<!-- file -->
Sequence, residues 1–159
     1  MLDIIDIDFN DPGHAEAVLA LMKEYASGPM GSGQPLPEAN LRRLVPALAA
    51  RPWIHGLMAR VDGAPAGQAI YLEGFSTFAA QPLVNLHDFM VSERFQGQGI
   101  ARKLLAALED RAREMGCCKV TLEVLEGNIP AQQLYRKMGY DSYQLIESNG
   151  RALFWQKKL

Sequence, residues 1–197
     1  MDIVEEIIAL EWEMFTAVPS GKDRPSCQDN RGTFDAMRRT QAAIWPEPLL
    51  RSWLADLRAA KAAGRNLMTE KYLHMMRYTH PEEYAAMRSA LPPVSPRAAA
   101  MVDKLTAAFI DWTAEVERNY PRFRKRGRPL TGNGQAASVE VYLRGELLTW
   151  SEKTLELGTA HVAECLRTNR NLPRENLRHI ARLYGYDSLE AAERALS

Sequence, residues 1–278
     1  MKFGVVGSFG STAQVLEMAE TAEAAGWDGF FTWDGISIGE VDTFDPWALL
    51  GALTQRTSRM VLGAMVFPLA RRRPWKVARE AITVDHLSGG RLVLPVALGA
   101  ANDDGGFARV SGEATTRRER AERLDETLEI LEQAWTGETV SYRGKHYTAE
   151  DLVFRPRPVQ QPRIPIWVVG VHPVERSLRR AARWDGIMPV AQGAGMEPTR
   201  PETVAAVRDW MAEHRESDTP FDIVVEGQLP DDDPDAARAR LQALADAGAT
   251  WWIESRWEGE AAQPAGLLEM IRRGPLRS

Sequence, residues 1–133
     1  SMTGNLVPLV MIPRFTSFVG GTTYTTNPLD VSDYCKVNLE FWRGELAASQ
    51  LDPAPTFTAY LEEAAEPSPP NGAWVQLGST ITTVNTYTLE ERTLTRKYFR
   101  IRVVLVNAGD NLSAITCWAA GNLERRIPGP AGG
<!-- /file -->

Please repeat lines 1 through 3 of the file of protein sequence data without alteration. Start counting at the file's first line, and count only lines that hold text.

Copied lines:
Sequence, residues 1–159
     1  MLDIIDIDFN DPGHAEAVLA LMKEYASGPM GSGQPLPEAN LRRLVPALAA
    51  RPWIHGLMAR VDGAPAGQAI YLEGFSTFAA QPLVNLHDFM VSERFQGQGI